Why is Cash Operating Return on Assets a Valuable Financial Metric?


Insight into how to utilize this key Business Acumen metric as a critical measure of business performance

In Advantexe’s simulation-centric Business Acumen learning journeys we teach new hires, experienced managers, high potential leaders, and executives how to measure the success of their strategies through financial metrics of performance.

The core metrics of performance we use and train on include foundational tools such as Return on financial-metrics-business-acumen.jpgSales (ROS), Return on Assets (ROA), and Return on Equity (ROE).  These “big three” financial metrics are the heart of financial acumen. They provide insights into the relationships between profitability driven from revenue, profitability driven from the assets that are invested in the business, and the profitability of the equity provided to the business by owners and investors.

Earnings before interest, taxes, depreciation, and amortization (EBITDA) is another excellent financial metric that many business professionals find useful because it provides a strong analysis of the controllables a business manager has at his/her disposal.

For a time during the late 1990s and early 2000’s some businesses started to evaluate performance in terms of “Economic Value Added” (EVA) which is also known as Economic Profit.  Most recently, I have discovered that organizations have been using Total Shareholder Return (TSR) as a key metric.

About two years ago I became exposed to an interesting situation at a client who was dealing with an activist investor who has a unique perspective on how to measure the success and value of a firm.  As part of my work, I helped prepare leaders for working with the activist investor by training them to speak a different language of business.  Many of the ideas and insight of the activist investor are prudent and thought provoking and one of the more useful tools we learned about – and built into our award-winning AGES simulation platform was a concept called Cash Operating Return on Assets (COROA) which was first introduced by Jack Ciesielski, author of The Analyst's Accounting Observer.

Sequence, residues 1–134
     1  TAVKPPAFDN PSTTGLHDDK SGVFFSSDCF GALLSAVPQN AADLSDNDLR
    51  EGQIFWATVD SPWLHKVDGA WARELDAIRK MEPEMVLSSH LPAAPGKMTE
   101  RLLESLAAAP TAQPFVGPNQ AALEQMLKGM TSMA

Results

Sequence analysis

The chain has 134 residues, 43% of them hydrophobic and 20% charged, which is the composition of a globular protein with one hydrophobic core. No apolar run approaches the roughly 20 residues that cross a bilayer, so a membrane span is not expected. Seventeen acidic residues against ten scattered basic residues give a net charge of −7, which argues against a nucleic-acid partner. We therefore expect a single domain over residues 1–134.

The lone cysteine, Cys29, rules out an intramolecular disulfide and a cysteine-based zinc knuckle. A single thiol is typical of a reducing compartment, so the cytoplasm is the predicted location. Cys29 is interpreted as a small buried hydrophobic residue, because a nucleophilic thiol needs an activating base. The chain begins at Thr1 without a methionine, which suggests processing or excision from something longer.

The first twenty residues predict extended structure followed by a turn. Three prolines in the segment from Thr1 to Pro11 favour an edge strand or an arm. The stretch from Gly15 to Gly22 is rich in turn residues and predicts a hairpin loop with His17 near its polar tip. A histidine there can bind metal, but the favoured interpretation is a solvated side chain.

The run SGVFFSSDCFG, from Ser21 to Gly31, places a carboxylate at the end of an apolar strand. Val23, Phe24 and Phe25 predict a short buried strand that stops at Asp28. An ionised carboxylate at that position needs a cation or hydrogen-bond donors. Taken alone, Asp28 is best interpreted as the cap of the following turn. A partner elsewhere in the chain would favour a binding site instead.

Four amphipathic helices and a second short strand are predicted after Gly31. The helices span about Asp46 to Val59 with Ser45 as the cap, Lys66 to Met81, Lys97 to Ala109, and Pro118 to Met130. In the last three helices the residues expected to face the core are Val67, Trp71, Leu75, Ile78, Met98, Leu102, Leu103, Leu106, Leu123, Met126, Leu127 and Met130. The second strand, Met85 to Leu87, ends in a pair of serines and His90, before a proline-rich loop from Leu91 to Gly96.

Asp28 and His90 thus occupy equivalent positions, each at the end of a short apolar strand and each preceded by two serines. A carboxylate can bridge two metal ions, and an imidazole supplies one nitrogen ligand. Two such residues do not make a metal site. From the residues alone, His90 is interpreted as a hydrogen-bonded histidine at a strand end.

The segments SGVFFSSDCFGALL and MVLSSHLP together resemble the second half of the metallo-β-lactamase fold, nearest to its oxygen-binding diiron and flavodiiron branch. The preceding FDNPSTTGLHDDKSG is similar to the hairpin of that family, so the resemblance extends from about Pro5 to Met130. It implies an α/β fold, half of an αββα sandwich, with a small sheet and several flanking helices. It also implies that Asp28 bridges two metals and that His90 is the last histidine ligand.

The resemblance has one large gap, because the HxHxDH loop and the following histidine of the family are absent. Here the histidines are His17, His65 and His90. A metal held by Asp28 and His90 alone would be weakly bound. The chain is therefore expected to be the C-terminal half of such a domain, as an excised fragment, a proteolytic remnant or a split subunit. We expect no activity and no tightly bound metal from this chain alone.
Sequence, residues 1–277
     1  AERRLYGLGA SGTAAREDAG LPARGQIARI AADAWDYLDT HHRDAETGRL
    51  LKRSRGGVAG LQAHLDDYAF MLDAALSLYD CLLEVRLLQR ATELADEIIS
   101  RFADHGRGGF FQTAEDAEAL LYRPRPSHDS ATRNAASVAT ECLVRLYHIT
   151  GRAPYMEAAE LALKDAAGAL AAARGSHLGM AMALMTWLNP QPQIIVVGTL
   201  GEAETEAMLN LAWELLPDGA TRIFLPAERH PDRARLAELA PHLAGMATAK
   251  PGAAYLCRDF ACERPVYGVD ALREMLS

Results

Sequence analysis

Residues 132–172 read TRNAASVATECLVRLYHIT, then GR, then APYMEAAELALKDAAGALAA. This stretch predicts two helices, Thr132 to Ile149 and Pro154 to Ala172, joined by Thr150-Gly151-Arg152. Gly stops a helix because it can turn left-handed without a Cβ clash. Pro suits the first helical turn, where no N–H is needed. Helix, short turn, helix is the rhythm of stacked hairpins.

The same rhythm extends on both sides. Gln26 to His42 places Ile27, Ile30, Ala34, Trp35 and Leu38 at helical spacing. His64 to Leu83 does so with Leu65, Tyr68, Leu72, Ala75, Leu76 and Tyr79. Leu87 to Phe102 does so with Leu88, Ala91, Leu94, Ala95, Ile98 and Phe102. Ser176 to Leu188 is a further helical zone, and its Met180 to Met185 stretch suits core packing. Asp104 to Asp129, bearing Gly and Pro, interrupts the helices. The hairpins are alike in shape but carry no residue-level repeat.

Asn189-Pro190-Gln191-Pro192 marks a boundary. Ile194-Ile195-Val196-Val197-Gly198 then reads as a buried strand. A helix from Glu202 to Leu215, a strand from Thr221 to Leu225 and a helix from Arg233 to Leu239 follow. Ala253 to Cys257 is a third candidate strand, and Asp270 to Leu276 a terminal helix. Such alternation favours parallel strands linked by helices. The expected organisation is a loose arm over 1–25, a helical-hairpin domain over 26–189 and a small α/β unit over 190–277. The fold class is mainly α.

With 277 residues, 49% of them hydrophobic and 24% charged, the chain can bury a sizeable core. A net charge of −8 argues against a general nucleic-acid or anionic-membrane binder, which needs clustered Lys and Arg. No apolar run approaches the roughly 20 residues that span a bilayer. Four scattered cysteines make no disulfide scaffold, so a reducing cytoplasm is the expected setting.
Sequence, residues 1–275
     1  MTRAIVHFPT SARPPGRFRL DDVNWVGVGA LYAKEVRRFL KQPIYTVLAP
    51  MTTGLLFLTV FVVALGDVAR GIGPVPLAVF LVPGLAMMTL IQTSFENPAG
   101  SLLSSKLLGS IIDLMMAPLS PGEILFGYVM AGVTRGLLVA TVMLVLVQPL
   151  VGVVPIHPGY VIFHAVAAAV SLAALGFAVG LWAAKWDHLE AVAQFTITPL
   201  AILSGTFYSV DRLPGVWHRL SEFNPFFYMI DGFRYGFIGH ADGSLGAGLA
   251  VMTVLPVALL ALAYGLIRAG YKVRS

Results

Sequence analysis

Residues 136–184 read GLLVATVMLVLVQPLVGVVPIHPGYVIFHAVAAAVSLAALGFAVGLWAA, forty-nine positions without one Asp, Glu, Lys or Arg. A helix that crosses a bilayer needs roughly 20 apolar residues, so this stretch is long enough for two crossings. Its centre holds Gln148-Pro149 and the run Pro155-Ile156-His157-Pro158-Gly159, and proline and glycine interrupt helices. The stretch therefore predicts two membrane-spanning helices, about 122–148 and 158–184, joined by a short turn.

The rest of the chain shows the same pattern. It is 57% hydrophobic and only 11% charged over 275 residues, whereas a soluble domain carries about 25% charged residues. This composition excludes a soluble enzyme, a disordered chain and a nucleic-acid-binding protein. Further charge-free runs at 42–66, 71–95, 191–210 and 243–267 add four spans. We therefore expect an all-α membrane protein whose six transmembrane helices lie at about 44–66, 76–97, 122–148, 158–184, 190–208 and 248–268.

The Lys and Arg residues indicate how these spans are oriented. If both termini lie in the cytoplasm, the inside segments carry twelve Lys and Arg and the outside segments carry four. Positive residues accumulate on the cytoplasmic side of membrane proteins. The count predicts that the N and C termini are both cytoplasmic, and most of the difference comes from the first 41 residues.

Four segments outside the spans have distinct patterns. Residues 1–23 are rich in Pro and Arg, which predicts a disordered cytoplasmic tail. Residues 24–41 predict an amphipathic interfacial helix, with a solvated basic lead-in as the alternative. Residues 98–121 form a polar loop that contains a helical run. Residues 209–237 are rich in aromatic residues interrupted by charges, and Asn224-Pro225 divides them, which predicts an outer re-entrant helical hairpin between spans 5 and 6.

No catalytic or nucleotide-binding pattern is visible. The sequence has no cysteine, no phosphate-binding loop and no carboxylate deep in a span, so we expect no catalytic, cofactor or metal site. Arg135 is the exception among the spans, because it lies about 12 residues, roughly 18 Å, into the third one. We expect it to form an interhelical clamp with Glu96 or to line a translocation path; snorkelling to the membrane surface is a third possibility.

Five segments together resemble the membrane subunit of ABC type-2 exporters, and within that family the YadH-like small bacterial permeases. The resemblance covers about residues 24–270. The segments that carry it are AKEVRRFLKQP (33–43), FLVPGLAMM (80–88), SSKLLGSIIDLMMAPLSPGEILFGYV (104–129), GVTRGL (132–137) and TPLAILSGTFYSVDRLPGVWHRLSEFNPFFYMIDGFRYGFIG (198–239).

Simply defined, COROA is the ratio of all of the cash an organization generates in a time period (usually a year) plus adding back in taxes and interest and then dividing that number by the cumulative investment in assets during the history of the business.  COROA provides one of the purest measures of how well a business is being run because it assesses the cash being generated by the business from the assets invested in the business.  If the COROA is low, then the leaders are creating positive long-term cash flow and aren’t investing wisely in the right assets.

In a Business Acumen training session I ran this week, I decided to track the COROA of 4 competitive organizations playing against each other in our highly competitive healthcare industry simulation.  Each of the organizations had a unique strategies; two were executing a Product Leadership strategy, one was executing a Customer Intimacy strategy, and the fourth was executing an Operational Excellence strategy.

All four organizations utilized cash efficiently; the product leaders investing in R&D, the Customer Intimate investing in service infrastructure, and the Operationally Efficient company investing in capacity and manufacturing.  After three simulated years, the team producing the best COROA was the Operationally Efficient company that found the perfect balance between quality products sold to cost conscious customers.  The OE company was able to grow revenue by at least 5% per year and after an initial investment in capacity they were able to maintain their plants at 85% utilization and through maintenance and process improvement increase their yield every year.

The combination of revenue growth plus asset utilization provided a significantly better COROA (23.45%) then the next best competitor (14.66%).  The second-place competitor had high revenues, but their costs of goods sold kept increasing and as a result of poor sales forecasting produced more product than they were able to sell.  That inventory further reduced the overall COROA.

In summary, there are many excellent metrics of performance and most of them provide great insights into the challenges and opportunities of leading a business.  COROA is a unique metric that is worth paying attention to and focusing on as part of a truly balanced scorecard.

why business acumen matters

Robert Brodo

About The Author

Robert Brodo is co-founder of Advantexe. He has more than 20 years of training and business simulation experience.